What Is a Digital Event Manager Skillset?

What Is a Digital Event Manager Skillset?

We all know that the explosion of virtual events will require event managers to add a few more strings to their bow. 

Some crossover between in-person and online exists. But there is no getting around the fact that you need digital skills to manage, entertain and engage audiences effectively. 

Unfortunately, it seems very few of us have all we need to embrace this new format. According to recent surveys, event managers have difficulty engaging audiences, using technology, acquiring sponsors, and expanding their audiences online.

We’re used to doing these same tasks for live events, but there’s a different playbook when everything goes digital.

Digital skills have no set parameter nor a list you have to follow. There’s no exam, either. (Which is quite handy if you’re figuring the whole thing out as you go along.) Digital skills come in lots of shapes and sizes, and you might already have a few to your name. From our perspective, here are five worth reading up on:

Digital audience engagement

Much like you’d assign a compere or moderator to a physical room or stage, you need someone to encourage comments and get the conversation flowing.

It might seem as easy as delivering an on-screen prompt or putting a comment in the feed, but there is so much more to learn about driving engagement at key points in your event. 

Digital audience engagement

Video production/content creation

Large events tend to avoid design and branding issues by getting a professional to handle everything for them.

Nevertheless, you still have to tell that professional what you want. Do you need advertisements? If so, where? What should your graphics say? What should the speakers have as a background? Basic video production is a fundamental skill of the modern-day event manager.

Social media management

Facebook, Twitter, Instagram, Linkedin are all good options for putting a virtual event in front of an already connected audience. Beyond the initial launch, you have to think about what else you can get from your social platforms.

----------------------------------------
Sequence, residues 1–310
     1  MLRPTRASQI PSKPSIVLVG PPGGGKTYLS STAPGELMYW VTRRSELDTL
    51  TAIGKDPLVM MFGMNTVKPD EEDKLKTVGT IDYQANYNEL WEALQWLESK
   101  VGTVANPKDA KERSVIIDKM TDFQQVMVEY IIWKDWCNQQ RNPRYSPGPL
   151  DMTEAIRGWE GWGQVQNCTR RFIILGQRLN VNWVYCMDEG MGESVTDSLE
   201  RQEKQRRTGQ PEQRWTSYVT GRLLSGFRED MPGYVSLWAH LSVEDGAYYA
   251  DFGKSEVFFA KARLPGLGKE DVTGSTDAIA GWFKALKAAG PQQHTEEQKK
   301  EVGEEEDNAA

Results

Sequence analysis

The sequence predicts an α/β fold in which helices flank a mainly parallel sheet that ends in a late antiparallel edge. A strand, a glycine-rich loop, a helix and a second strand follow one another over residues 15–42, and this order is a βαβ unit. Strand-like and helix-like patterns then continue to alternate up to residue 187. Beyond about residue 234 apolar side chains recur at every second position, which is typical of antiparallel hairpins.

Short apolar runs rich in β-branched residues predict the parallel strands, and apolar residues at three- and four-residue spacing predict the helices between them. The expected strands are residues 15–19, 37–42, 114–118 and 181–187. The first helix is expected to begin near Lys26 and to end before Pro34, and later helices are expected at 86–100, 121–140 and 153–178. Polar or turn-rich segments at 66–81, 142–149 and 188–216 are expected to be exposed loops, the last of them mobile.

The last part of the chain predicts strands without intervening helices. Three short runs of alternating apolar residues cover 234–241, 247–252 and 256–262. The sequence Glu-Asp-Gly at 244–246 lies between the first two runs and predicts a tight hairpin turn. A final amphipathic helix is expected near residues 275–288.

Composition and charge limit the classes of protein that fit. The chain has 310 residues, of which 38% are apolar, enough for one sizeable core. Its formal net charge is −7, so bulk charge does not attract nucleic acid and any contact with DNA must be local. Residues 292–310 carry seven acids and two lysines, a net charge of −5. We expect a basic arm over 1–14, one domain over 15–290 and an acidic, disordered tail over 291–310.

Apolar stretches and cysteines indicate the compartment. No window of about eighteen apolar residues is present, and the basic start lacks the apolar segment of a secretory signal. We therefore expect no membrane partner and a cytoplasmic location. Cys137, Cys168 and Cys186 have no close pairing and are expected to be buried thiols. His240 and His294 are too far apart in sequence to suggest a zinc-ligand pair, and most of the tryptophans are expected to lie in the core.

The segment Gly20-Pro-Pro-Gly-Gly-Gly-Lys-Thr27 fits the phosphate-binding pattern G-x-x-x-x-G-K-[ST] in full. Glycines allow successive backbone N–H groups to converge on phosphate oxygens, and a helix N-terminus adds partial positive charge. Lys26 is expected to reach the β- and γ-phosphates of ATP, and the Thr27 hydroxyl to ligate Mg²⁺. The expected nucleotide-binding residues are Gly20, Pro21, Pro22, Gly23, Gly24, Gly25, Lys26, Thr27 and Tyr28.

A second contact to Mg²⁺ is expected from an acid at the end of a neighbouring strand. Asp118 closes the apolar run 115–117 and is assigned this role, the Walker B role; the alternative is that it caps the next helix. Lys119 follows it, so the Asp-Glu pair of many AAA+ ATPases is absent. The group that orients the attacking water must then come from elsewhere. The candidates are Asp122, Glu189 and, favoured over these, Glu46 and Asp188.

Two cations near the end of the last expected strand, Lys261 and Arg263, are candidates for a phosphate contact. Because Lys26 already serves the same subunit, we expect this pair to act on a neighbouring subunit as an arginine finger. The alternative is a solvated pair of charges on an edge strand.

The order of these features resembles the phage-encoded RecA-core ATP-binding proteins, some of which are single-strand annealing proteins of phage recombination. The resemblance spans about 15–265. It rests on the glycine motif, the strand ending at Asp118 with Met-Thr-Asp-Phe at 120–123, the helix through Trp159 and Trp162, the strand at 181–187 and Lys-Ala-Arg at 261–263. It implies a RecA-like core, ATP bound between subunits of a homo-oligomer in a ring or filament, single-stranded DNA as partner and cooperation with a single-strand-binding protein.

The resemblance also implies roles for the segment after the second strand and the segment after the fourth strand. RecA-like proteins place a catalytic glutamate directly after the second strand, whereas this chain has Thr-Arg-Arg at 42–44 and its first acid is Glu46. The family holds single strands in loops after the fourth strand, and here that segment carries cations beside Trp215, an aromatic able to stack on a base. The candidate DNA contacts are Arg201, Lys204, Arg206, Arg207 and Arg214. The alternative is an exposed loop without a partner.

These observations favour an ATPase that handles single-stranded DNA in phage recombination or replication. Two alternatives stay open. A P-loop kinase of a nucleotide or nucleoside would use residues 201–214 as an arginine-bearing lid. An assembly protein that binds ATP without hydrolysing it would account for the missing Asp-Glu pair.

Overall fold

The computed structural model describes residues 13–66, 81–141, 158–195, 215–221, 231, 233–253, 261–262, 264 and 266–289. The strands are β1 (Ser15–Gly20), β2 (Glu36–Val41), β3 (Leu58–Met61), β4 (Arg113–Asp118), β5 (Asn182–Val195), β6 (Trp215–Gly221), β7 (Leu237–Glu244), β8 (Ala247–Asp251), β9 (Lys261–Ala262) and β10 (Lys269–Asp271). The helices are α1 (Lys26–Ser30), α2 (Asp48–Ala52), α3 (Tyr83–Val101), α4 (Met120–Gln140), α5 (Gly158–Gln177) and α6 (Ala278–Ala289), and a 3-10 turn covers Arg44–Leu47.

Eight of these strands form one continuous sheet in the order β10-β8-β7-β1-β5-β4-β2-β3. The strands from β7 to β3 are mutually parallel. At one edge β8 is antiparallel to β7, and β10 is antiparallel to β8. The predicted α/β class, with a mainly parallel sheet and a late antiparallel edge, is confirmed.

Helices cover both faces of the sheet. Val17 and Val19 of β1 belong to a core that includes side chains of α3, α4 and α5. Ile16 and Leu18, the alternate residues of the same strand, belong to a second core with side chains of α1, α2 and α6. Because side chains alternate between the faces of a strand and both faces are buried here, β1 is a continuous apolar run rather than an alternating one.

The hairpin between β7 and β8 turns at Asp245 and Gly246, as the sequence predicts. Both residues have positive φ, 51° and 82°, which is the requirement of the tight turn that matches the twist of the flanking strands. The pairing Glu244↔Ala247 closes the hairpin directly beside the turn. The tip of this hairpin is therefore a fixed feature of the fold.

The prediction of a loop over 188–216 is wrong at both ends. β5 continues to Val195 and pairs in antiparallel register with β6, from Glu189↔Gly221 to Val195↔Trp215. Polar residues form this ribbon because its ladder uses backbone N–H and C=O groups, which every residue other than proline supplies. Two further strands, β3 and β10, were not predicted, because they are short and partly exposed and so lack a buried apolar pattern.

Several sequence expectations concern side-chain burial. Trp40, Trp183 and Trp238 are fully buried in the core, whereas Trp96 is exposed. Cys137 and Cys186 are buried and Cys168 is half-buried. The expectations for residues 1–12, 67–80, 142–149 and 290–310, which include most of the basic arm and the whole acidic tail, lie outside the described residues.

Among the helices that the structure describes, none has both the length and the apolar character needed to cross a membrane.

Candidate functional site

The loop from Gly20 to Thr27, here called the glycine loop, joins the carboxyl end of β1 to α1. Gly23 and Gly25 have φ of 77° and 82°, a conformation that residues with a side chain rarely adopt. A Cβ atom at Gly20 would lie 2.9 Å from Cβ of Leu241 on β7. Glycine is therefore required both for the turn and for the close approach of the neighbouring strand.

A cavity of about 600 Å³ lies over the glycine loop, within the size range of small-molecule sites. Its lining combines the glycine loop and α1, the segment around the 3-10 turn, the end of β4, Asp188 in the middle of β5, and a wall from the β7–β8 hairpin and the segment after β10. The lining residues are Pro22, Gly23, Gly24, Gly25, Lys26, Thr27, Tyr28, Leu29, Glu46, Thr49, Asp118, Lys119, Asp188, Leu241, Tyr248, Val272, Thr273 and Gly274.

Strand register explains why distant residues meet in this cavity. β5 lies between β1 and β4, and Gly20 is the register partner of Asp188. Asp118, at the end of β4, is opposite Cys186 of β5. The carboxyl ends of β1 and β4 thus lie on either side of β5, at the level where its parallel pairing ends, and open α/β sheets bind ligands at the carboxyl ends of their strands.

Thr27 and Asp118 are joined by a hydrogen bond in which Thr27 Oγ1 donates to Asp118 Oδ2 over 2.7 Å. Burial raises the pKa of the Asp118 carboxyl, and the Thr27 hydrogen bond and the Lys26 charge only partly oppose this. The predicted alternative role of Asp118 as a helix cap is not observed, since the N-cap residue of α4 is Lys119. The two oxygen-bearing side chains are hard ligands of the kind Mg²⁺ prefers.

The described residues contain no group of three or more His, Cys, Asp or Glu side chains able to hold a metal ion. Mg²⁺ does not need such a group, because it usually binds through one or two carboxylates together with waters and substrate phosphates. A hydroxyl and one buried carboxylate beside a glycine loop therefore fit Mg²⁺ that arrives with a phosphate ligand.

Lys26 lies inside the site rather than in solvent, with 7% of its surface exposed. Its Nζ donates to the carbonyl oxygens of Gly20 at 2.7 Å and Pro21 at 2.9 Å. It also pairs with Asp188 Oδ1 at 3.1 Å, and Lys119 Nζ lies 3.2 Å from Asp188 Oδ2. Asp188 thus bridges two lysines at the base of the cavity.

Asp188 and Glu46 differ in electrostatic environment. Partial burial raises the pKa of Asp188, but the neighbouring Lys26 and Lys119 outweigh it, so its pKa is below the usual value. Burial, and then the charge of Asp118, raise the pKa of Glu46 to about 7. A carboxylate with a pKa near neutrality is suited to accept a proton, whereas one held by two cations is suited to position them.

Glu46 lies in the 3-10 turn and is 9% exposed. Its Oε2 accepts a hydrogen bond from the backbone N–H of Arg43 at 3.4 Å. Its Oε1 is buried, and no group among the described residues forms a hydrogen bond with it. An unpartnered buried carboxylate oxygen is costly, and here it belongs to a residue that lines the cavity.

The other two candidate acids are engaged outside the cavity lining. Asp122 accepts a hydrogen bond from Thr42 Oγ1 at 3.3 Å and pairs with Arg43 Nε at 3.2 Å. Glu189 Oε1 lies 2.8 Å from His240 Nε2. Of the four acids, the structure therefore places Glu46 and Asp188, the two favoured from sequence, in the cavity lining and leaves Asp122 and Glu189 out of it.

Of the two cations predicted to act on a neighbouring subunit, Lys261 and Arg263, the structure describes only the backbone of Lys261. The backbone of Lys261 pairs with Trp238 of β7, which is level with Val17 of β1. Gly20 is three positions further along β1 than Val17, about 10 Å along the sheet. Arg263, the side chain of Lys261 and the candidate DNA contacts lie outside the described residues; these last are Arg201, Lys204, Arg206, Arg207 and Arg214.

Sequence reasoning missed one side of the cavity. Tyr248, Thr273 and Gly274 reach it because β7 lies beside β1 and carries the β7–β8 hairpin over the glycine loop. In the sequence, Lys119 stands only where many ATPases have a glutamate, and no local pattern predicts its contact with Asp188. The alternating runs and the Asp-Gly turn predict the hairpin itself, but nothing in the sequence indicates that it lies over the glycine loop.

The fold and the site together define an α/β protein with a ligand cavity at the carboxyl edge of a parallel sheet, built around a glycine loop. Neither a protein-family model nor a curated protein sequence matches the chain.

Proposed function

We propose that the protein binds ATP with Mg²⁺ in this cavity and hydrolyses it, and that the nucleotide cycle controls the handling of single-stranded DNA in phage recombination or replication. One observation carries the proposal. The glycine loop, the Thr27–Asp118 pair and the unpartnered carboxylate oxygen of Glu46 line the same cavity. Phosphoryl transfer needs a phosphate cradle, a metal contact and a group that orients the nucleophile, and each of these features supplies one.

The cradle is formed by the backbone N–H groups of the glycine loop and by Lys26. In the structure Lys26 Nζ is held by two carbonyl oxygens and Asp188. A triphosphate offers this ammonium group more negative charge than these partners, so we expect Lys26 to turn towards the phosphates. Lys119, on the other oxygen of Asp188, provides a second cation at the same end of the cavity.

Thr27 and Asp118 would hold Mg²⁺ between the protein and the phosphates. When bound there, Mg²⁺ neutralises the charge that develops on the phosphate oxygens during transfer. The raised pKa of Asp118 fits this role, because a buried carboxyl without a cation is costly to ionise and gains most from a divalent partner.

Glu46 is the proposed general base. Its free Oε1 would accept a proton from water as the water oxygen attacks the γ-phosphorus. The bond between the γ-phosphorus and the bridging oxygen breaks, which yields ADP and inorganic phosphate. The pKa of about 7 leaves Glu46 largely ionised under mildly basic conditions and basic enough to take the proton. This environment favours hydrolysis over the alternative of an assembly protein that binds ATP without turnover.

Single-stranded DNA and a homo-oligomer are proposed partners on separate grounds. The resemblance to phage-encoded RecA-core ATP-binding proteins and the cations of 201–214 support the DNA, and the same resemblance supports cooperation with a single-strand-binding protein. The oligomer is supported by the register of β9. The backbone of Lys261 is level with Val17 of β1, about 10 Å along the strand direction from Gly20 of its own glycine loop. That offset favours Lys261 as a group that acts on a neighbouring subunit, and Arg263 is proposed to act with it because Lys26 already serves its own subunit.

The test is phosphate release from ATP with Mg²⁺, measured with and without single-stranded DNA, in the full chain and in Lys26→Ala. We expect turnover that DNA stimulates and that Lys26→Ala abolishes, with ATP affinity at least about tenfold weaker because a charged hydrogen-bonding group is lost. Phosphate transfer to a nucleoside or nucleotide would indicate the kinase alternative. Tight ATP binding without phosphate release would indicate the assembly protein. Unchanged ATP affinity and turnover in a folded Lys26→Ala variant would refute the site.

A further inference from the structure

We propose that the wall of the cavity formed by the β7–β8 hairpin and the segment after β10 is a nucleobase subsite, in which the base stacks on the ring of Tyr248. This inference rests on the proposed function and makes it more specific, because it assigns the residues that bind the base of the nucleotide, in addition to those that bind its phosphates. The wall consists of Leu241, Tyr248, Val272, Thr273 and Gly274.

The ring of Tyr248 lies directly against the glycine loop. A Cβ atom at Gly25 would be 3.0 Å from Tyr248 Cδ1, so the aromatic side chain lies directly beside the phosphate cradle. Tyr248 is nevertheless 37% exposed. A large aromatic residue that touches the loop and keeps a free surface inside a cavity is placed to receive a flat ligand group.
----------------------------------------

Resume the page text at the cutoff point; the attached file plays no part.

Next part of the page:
Virtual events, much like their physical counterparts, take place in an enclosed environment. You need a way of condensing all of the critical happenings and bringing them out to people who, with persuasion, might join you instantly or at a later date. Social media is the fastest and cheapest way of getting that information out there. 

Virtual events, much like their physical counterparts, take place in an enclosed environment. You need a way of condensing all of the critical happenings and bringing them out to people who, with persuasion, might join you instantly or at a later date. Social media is the fastest and cheapest way of getting that information out there. 

Social media management in Digital Events

Data management

Data management in digital events

At a physical venue, it can be hard to keep track of attendees and examine how their experience unfolds. Virtual attendees are entirely different in that regard. Their events take place on platforms that allow for each interaction to be collected and analysed. That data can be used to tell us what works and what doesn’t, but you need a strong grasp of technology to do it.

You also need the courage to let data guide your decisions – a secondary skill that every data or CRM manager has and one that you should consider for yourself.

User experience (UX)

Lastly, we have user experience or ‘UX’ as some describe it. Sounds technical? Well, if you’ve ever been to an awful venue (think dull; packed with furniture that serves no purpose; poorly decorated), you’ll have experienced the in-person equivalent of poor digital UX. 

As sad as it is, our industry is full of virtual event platforms that continuously break down or have nothing for attendees to do. You need something that encourages people to spend the day with your event. Better still, you need something that has them engaging with sponsors, posing questions to speakers, and networking with attendees, which is no mean feat. 

Building digital skills like UX does not happen overnight. Similar to your journey with traditional event management, though, it’s an investment worth making.

In a nutshell

The events industry is witnessing rapid and relevant changes due to technology and digitization of the world. New Digital Event Managers are continually entering the market. So, both new and experienced professionals need to keep up to date with the speed of innovation.

Besides soft skills such as negotiation, emotional intelligence, and critical thinking, professionals need to be sufficiently tech-savvy to develop the specific Digital Event Manager Skillset.

Humanity is entering a new era in which a combination of physical, digital, and biological technologies will change the way we work. Shortly, most of the workforce worldwide will probably get used to it all. But you can take advantage of all that by early-adopting and familiarising yourself with these competencies.

This new Digital Event Manager Skillset can guarantee you a competitive advantage in the market and a smoother adaptation to the new challenges yet to come in your career.

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